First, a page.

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16

Using a guest WiFi for IoT devices is essentially just a practical, easy to understand implementation for network segmentation. The goal is to prevent lateral movement between and from IoT devices. As a typical user isn't aware of such terminology and how this should be implemented, this might actually be a good tip. However, in order to increase security, ...


6

The premise of the question is slightly wrong. A better way to ask is as follows: Should my TV or other IoT device connect to my main home network? NO. Should it connect to the my guest wifi? Again, NO. Ideally, you want IoT devices to connect to their own separate IoT network. Rationale: The question inherently assumes the guest network is password ...


3

Unless you are not using any security at all on your Wifi, no. Nobody but those connected can read anything. Please don't tell me your network is unprotected. If you have your network "protected" by WEP, someone can crack the password in minutes, and begin decrypting the traffic. But if you use WPA2, it's very difficult. No matter what protection ...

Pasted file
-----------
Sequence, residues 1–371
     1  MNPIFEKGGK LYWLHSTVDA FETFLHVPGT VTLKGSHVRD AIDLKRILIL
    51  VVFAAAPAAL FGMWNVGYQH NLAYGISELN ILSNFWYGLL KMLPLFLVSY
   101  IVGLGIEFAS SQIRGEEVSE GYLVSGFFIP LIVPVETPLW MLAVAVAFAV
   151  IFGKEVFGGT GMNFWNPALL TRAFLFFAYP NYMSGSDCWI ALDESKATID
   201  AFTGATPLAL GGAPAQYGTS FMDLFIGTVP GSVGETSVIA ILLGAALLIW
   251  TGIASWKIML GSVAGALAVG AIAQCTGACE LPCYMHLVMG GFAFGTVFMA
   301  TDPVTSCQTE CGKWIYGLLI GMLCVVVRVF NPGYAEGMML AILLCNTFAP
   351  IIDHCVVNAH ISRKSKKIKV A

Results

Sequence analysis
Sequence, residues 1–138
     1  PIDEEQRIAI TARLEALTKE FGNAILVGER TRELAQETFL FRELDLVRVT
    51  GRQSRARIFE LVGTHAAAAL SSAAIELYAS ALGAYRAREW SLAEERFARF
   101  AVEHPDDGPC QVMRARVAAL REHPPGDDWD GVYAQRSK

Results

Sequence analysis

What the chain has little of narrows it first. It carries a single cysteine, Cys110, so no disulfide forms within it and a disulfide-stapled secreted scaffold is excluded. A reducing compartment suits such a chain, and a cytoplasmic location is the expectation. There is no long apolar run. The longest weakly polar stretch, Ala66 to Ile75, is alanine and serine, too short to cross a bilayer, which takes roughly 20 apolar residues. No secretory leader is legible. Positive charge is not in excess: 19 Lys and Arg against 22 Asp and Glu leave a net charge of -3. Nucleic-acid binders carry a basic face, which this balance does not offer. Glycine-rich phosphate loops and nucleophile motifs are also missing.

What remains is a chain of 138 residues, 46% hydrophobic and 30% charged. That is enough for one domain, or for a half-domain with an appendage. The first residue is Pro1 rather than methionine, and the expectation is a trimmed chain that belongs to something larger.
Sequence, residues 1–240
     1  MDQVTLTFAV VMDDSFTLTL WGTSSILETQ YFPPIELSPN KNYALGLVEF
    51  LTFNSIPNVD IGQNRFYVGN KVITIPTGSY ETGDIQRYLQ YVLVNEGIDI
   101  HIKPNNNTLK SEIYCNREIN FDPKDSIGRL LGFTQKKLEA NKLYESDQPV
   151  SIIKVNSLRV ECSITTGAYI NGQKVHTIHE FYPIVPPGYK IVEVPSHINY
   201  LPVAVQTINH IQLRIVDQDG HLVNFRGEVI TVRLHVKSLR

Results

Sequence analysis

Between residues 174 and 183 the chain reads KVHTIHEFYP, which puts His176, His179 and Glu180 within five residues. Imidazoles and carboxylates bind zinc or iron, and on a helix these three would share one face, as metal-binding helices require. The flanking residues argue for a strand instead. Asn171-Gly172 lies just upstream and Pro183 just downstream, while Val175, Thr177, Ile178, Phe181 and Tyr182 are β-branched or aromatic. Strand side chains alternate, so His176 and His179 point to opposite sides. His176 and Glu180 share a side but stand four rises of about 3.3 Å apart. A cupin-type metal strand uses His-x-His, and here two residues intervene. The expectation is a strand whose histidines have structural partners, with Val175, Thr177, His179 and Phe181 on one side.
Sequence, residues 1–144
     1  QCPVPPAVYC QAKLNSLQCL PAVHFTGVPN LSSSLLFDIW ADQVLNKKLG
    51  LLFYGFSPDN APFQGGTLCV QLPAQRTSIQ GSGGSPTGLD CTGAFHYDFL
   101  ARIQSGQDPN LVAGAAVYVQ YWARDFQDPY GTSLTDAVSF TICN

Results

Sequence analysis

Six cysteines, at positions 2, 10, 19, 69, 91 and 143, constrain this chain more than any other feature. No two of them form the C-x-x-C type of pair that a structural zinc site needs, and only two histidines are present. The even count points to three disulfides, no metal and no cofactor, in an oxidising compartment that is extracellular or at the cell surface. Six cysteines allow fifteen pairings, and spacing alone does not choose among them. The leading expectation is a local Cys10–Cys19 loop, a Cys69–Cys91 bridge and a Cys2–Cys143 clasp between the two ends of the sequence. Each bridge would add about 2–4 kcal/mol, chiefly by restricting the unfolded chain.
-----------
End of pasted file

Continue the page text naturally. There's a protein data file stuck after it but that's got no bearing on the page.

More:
1

Assuming the attacker got your WiFi password but NOT your router administration password (they are not the same thing!), then it's unlikely the attacker can do anything to re-establish access to your network. In theory they could have attacked devices on your network (such as your PC, phone, IoT/"Smart Home", or the router itself) to attempt to ...


1

Some tools can already do this, notably airodump-ng, which will show a list of clients and the network they are currently associated with. The tool can filter by open networks. QoS data is typically used for the data, but will usually be unintelligible due to encryption, and would need to be processed by another dissector in order to see the payload anyway.


1

Yes, your wireless traffic can be captured without connecting to your network. If it is unencrypted, an attacker may read it. HTTPS traffic is always encrypted. Whether HTTP traffic is encrypted depends on the configuration of your wireless access point, which in your case seems to be integrated into the SOHO router. The same goes for intercepted wireless ...


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